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21 minutes ago, fraufruit said:

I've never understood how one could find out in an Eigenbedarf situation whether or not the owners did move in. 

 

They can park close and walk past the building and check if they see the owners or their cars. Check if they put their name on the doorbell and mailbox. Ask the neighbors. If they are friendly with the neighbors now, they can get their contact info and keep in touch.

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27 minutes ago, LeonG said:

 

They can park close and walk past the building and check if they see the owners or their cars. Check if they put their name on the doorbell and mailbox. Ask the neighbors. If they are friendly with the neighbors now, they can get their contact info and keep in touch.

Ok, but what about if the owners want to kick out this family (which may be the case, as the lady owner - only one- hates this family). So she moves in for a few months, and then she says she bought another apartment, and then the rerents it again. Isn't that possible?

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Yes.

 

I still don't know how a working person with children would have time to stake out the apartment. Much less know what car the owner drives. Maybe it is in Tiefgarage.

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I only have experience with one person purchasing and the executing Eigenbedarf. But I would imagine the rules are similar for this situation.

You have to start the process. Initially by sending them a (registered) letter claiming Eigenbedarf. They will answer that they have nowhere to go. You then sic a lawyer on them. They claim hardship. You claim hardship back. It is a legal dance that takes 1 year to execute.

 

Of course the owner might just decide to pay them a bribe to move out. It is very hard for a landlord to remove a tenant who doesn't want to leave. Even if not paying rent.

 

If you have been evicted you visit the apartment 1 or 2 years later and check the name on the postbox. Even ring the doorbell. If you find it's rented instead of Eigenbedarf you can get the owner in big trouble. I know the owner has to stay a few years. You can't move in for 2 months then rent it out again.

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2 minutes ago, MadAxeMurderer said:

If you have been evicted you visit the apartment 1 or 2 years later and check the name on the postbox.

 

Can't see the postbox if you can't get into the house.

 

The bribe you speak of would be the owner helping with moving costs etc. I have heard of this happening.

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4 minutes ago, MadAxeMurderer said:

I only have experience with one person purchasing and the executing Eigenbedarf. But I would imagine the rules are similar for this situation.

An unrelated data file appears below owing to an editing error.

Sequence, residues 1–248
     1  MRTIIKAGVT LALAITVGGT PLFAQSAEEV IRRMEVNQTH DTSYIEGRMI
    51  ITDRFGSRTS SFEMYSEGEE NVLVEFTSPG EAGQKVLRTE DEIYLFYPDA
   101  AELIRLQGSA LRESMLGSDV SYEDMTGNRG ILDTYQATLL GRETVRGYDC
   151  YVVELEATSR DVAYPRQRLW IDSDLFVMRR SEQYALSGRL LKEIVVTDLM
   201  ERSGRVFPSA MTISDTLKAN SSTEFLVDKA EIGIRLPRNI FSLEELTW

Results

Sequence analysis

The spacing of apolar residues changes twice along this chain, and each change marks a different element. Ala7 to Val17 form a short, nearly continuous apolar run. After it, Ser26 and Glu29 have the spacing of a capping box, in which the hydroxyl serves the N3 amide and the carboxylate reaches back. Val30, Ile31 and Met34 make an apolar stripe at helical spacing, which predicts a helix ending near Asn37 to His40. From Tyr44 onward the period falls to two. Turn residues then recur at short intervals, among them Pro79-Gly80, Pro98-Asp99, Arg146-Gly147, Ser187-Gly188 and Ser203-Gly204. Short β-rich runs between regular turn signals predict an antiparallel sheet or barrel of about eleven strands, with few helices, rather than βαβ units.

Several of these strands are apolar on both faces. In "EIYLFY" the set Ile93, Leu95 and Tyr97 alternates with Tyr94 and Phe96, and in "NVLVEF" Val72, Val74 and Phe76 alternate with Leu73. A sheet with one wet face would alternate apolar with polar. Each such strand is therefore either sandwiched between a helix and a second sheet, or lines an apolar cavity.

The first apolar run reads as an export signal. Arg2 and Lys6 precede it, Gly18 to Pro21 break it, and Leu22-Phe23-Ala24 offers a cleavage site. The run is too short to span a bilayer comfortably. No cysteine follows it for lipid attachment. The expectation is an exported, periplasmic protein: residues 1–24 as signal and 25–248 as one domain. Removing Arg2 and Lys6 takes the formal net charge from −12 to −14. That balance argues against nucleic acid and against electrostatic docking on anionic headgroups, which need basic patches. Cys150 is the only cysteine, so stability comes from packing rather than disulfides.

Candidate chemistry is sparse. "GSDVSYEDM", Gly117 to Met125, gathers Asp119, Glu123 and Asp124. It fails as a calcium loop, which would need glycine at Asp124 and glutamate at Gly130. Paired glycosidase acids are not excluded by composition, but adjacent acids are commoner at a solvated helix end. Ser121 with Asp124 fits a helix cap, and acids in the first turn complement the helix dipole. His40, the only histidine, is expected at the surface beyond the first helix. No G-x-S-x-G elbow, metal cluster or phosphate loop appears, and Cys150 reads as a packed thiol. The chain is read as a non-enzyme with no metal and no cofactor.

You have to start the process. Initially by sending them a (registered) letter claiming Eigenbedarf. They will answer that they have nowhere to go. You then sic a lawyer on them. They claim hardship. You claim hardship back. It is a legal dance that takes 1 year to execute.

 

Of course the owner might just decide to pay them a bribe to move out. It is very hard for a landlord to remove a tenant who doesn't want to leave. Even if not paying rent.

 

If you have been evicted you visit the apartment 1 or 2 years later and check the name on the postbox. Even ring the doorbell. If you find it's rented instead of Eigenbedarf you can get the owner in big trouble. I know the owner has to stay a few years. You can't move in for 2 months then rent it out again.

Thank you so much! This really helps

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29 minutes ago, fraufruit said:

 

Can't see the postbox if you can't get into the house.

 

She said it's a house, not an apartment so the postbox should be outside. Even if not, apartment buildings often have postboxes by the front door. Very common in my area anyway.

 

And if they are busy working, it's not like they have to go daily. They can stop by on a Sunday as they are taking their kids to the park or whatever.

 

35 minutes ago, MadAxeMurderer said:

You have to start the process. Initially by sending them a (registered) letter claiming Eigenbedarf. They will answer that they have nowhere to go. You then sic a lawyer on them. They claim hardship. You claim hardship back. It is a legal dance that takes 1 year to execute.

 

They would have had to send that reply letter asap to get that ball rolling.

 

I also have experience of Eigenbedarf. I was given notice of three months to move. The notice did not arrive in a timely manner as the landlord sent it with registered mail while I was on holiday overseas. It was bounced back to him and he hand delivered it to me on something like the 7th of the month. Outside of that I should have been given 6 months because I had lived there more than 5 years. However, I wanted to move and already found a place so I had no reason to fight it.